Central Virginia Bonsai Society
Lynchburg, Virginia
CVBS Newsletter
     Excerpts
CVBS Home Page
Symposium
Return to Adams' Bonsai Home
Items below from the March 10, 2022, CVBS Newsletter
CBVS Photos
IT’S SPRING….ALMOST> Ready or not, things are starting to emerge from their winter dormancy. As usual, I am not quite ready for warm weather so I have been trying to keep things from growing. In spite of my efforts, leaves are showing on euonymus, cotoneaster, maples, Chinese quince, and chojubai. Extending the dormant period is done by keeping the plants as cold as possible, out of direct sun, and watered as little as possible. Eventually warm air and longer daylight hours always overcome my efforts and growth begins.
With the beginning of new growth, our plants become vulnerable to frosts and hard freezes if they occur. Dealing with freezes during this vulnerable period is easier if one has a limited number of plants. The greater the number which require protecting, the more difficulty there is in giving protection when needed. Jeremiah McKinney has a great system. He puts his plants on a farm wagon in early spring. If a freeze is likely, he backs the wagon into the safety of his garage until the freeze danger passes. It makes me wish for a big wagon and a garage for the purpose.
It is almost too late for winter bonsai work. Most wiring and pruning should be finished. Now is a perfect time to make finish pruning cuts on deciduous plants. With growth starting, healing will begin almost immediately. I use semi-waterproof carpenter’s glue to seal deciduous pruning cuts. Elmers, Titebond, and Gorilla products have all worked well for this purpose. Just cover the wound with a thin coat of glue out to and covering the exposed cambium. When it dries, the glue becomes clear but provides a slightly flexible covering which excludes insects and disease while allowing the surface of the wound to remain hydrated by the normal presence of sap. As healing takes place, the callous formed to cover the wound will push the film of dried glue off of the healed area. The only down-side of this technique seems to be that the glue changes from clear to milky white during extended periods of rain. When the rainy weather ends, the glue dries and become clear again. One application seems to work nicely for several years. In some quarters, much is made of the “bleeding” of sap. In my experience, I have not found sap “bleeding” to be an issue of concern. A possible exception is sap from pine wounds which is sticky and persistent. This can cause undesired cosmetic problems on the bark of pines. To help avoid this problem with pines I seal the larger wounds with normal bonsai cut paste.
Wiring, repotting, and pruning the plants in pots is almost done. I have some pruning of ground plants (which usually come out a little bit slower than the potted trees) yet to do, a few air layers need to be done, and accents need to be separated into individual pots. It’s good to see the light at the end of the tunnel.
Repotting the trident bonsai was very easy. They grow so many roots that annual repotting is a necessity. I learned the hard way that the difficulty in removing a trident from its pot greatly increases when they are repotted less frequently than every year.
When one has waited too long for repotting, a Sawzall is a wonderful help in getting a stubborn tree out of its pot. Having a second person to hold things steady is helpful but the removal can be done by a single person if care is exercised. The powered reciprocating blade makes quick work of the roots at the edge of the pot allowing the bonsai to be released from the restraining lip of the pot. Most are variable speed and thus give better control. I wish I had realized the value of this power tool many years ago.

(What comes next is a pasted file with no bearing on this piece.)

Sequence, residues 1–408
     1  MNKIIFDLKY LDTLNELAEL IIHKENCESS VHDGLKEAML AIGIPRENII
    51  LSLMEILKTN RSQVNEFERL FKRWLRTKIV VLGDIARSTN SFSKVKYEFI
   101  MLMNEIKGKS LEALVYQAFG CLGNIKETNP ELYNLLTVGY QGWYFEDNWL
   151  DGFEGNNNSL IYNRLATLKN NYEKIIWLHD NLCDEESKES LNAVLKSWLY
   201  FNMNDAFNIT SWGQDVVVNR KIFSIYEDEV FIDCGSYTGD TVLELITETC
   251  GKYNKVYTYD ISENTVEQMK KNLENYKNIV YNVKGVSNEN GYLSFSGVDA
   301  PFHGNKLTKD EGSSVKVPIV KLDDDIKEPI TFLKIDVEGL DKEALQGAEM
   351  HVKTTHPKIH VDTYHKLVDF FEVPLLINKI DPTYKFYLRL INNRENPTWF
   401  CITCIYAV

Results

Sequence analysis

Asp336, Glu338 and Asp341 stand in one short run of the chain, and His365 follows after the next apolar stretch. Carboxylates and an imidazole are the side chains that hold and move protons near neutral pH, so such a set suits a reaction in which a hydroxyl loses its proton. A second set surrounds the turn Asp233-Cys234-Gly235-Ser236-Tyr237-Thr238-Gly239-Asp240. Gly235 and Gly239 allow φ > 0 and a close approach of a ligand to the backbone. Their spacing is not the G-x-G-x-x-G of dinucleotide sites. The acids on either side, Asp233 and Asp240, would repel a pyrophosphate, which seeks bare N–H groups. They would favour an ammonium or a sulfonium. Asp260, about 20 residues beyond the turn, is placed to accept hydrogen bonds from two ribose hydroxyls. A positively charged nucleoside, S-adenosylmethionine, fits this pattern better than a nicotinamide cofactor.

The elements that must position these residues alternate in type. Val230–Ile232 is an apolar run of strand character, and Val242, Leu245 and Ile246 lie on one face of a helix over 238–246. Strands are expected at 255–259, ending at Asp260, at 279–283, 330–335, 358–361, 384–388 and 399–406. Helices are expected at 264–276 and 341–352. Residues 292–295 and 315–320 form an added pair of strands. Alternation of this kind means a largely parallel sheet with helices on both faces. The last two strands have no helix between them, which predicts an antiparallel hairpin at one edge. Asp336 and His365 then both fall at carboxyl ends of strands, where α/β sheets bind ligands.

Allowing moss to grow on the surface of the soil in bonsai pots is not recommended. A covering of moss makes it difficult to notice if the soil is dry. Additionally, moss covering gives a hiding place for certain insect pests and their eggs. Moss is typically applied to the surface for brief periods of exhibition but is removed after the period of exhibition. In spite of my best efforts, moss tends to show up in my pots and tries to spread across the soil surface. The tendency of moss to grow on the lower trunk of the bonsai is particularly troublesome. The gradual spread of the moss is seldom noticed but often results in obscured nebari and moss-covered bark on the lower trunk. Bonsai with rough bark can be damaged substantially as the added moisture and growth activity of the moss lead to accelerated deterioration of the lower bark. This is unsightly and may give the appearance of reverse taper of the trunk. Part of my winter attention to each bonsai is to thoroughly clean away all traces of moss. This is done with gentle scrubbing of the affected areas with a small brush. Care must be taken to not abrade or remove the bark. Until one is familiar with the process, it is best to start with a nylon brush. Progress to a brass brush if the nylon is ineffective. If the brass is not quite enough, try a steel brush. Sets of these brushes are available for very little cost at auto parts stores where they are sold for detailing wheels and other automotive parts. Trunks and nebari are much more impressive to see after moss is removed.
I am very pleased with the improvement in refinement achieved with my trees this year. Spending enough time on the bonsai greatly improves their appearance. Having a good basic structure is a long-term process that should be addressed every year. Achieving excellent refinement is a shorter term process which involves detail wiring and judicious pruning. This is mostly dormant season work as the danger of damage to tender new growth is eliminated during this season. As I spend less time creating new material for others, I am having more time to spend on my own collection and I think it shows!